‘We should consider moving in the direction of what most European states do’
Following sustained criticism and targeted stalking behavior from students and other members of the community, University of Texas at Austin classics professor Thomas Hubbard is defending himself and his scholarship regarding sexual consent laws and pederasty, or sex between men and boys.
Hubbard has been featured, and lambasted, in recent news coverage and editorials for his ongoing efforts to teach and research about pederasty, often depicted in ancient Greek art and literature. Pederastic relationships between men and boys were a prominent social phenomenon in numerous ancient Greek cultures.
Hubbard has written that “contemporary American legislation premised on children’s incapacity to ‘consent’ to sexual relations stems from outmoded gender constructions and ideological preoccupations of the late Victorian and Progressive Era.” He has also argued that “pederastic intimacy” once functioned as a “social mechanism” for dealing with fatherless boys.
In an email interview with The College Fix, Hubbard defended his scholarship and himself against claims that he has nefarious intentions with his research.
“I have never said anything more radical than that we should consider moving in the direction of what most European states do, which is to maintain an age of consent of 14 or 15 with special protections against prostitution of those under 18 or involvement with an adult who is in a position of trust (family members, teachers, therapists, clergy),” he said.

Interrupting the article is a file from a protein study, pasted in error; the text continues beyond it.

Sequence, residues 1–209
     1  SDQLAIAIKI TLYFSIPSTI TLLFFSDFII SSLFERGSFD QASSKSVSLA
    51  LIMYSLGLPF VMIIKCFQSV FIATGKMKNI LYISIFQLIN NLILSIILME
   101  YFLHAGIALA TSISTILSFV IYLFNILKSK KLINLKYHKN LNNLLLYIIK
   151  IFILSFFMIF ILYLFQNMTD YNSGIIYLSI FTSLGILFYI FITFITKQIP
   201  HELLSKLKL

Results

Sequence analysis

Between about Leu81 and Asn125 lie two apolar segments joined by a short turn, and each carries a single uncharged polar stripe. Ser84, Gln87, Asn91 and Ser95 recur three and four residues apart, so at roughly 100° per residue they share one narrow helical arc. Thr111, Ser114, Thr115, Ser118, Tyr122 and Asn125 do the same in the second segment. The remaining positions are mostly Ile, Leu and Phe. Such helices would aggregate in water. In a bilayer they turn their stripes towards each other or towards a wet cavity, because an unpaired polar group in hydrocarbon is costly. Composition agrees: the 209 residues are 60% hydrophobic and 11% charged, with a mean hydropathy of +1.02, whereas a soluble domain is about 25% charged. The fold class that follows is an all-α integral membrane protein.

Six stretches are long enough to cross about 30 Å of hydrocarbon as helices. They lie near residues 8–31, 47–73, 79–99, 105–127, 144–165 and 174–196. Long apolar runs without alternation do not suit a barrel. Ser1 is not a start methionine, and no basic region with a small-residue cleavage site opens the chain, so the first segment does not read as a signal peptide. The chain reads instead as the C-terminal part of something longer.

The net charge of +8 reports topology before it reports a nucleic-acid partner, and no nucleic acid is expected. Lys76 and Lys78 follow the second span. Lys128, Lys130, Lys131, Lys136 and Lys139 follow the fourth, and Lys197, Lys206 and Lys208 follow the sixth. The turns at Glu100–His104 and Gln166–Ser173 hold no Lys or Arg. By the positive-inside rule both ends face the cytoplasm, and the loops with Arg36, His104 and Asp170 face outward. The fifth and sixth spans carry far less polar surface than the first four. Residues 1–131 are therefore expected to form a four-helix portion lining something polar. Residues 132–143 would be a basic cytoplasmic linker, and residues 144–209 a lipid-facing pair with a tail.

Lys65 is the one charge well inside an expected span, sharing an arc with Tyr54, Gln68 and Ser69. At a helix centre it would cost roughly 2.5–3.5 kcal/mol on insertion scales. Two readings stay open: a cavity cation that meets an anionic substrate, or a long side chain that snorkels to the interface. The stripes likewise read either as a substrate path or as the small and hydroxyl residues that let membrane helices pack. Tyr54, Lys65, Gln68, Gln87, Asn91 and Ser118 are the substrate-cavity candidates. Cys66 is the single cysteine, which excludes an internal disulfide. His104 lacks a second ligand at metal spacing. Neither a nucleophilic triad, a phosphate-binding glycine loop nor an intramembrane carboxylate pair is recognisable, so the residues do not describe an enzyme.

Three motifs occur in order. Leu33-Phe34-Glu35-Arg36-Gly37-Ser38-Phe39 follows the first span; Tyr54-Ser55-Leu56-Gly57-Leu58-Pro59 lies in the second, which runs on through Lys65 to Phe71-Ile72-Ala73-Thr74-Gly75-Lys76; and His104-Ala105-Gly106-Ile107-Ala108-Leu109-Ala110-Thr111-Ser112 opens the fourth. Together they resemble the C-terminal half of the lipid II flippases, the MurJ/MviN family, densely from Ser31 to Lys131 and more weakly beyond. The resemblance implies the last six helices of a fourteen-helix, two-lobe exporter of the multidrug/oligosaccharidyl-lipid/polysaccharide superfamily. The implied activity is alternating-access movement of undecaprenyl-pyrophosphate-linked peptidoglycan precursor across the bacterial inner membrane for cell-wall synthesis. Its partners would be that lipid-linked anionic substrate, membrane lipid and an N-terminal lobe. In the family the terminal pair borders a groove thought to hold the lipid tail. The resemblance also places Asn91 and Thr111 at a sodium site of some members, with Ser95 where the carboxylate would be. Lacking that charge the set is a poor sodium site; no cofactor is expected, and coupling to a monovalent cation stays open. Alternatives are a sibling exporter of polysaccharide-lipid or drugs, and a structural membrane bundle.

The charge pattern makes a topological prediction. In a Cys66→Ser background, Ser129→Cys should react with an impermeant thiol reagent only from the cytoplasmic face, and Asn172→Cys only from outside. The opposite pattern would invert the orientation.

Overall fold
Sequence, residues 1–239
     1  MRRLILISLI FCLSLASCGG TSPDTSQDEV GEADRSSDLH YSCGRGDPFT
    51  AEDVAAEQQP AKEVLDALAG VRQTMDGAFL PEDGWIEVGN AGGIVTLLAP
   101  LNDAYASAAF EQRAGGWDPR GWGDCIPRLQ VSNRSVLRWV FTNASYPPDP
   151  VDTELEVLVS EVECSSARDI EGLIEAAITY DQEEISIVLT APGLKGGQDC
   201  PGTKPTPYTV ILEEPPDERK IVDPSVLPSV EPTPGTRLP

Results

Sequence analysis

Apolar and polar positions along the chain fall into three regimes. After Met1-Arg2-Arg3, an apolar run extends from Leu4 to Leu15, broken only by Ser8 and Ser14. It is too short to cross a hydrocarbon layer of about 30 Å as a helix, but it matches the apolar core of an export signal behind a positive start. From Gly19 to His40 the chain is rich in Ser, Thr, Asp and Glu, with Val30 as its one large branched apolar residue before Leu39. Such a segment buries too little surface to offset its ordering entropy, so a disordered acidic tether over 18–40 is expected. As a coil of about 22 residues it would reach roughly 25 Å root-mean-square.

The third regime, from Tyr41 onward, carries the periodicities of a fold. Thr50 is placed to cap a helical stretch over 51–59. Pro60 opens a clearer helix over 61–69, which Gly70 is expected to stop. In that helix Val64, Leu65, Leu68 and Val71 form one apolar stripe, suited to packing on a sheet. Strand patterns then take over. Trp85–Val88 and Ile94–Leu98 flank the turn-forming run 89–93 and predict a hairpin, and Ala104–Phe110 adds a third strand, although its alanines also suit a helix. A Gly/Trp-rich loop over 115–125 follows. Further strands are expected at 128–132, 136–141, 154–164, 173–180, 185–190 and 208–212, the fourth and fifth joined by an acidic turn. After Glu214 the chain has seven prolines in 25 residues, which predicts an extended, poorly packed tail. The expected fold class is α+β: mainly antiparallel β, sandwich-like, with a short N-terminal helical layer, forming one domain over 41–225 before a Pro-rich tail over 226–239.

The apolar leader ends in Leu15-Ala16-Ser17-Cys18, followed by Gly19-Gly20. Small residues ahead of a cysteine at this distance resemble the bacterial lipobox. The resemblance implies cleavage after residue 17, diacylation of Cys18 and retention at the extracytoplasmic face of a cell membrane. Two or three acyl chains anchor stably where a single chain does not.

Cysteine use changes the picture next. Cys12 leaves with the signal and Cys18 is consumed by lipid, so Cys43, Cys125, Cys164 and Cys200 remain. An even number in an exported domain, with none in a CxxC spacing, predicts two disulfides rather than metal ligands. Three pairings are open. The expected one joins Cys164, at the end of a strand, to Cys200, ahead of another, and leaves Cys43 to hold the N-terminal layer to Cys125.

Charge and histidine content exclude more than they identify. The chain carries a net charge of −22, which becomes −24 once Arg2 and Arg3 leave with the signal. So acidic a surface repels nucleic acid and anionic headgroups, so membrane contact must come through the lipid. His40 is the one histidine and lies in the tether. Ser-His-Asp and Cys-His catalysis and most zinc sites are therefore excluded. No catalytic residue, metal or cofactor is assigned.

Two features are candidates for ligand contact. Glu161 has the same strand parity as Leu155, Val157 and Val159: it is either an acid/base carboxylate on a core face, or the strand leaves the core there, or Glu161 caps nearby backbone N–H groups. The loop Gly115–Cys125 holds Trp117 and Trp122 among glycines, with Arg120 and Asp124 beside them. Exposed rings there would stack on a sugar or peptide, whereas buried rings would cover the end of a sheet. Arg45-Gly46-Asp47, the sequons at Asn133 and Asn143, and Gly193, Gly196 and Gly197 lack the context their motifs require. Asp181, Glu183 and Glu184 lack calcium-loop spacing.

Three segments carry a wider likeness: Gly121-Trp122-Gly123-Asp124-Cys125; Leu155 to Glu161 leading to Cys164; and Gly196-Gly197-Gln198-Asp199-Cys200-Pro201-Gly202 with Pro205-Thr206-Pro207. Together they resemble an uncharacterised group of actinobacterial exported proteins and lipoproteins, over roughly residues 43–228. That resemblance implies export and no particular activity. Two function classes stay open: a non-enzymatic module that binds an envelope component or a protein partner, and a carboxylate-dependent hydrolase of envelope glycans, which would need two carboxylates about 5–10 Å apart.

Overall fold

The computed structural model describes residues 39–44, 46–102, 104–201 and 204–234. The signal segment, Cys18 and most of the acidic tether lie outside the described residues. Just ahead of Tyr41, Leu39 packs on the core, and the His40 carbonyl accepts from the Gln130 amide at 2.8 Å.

Activist efforts to have him removed from professorship
Hubbard has of late been targeted by activists on the campus. Spearheading those efforts is the student group known as “Fire The Abusers.” Featuring him on their Instagram page, the group says Hubbard is “guilty” of publishing works arguing that “statutory rape and age of consent laws are burdens,” attempting to lower the age of consent, and “being celebrated in online communities for pedophilia views.”
Video recently posted on the Instagram page depicts numerous masked activists pounding on Hubbard’s door and windows at his home, chanting “Thomas Hubbard you can’t hide / pedophile come outside!” Further video shows Hubbard leaving his home under police protection, with the protesters yelling: “Who protects pedophiles? Pigs do, pigs do!”
The blog Incendiary News claims that, in a course titled “Mythologies of Rape,” Hubbard required students to write about their experiences with sexual assault and “made them argue whether or not it is actually rape under Texas penal code.” One student claimed that Hubbard had his students “write a paper over [sic] lowering the age of consent and lowering the punishment for sexually assaulting a child under the age of 6.”
In a public Google doc addressing the controversy surrounding his scholarship, Hubbard denies the claim that he had students write about personal sexual assault experiences. “Students were given a paper topic that asked them to evaluate the legal status of two hypothetical scenarios, and how they would have advised the parties if they had been actual friends. Students were given the option of discussing a real case about which they had knowledge, with names changed to conceal identities,” he said.
Hubbard told The College Fix that his age-of-consent arguments are based in part on other academic scholarship.
“I have…proposed that we might consider a different age of consent for males and females, since the most definitive and never refuted meta-analysis of the psychological effects of teen sexuality with older partners…shows that most college-age males do not regard their teen experiences as harmful, whereas most females regret them,” Hubbard wrote.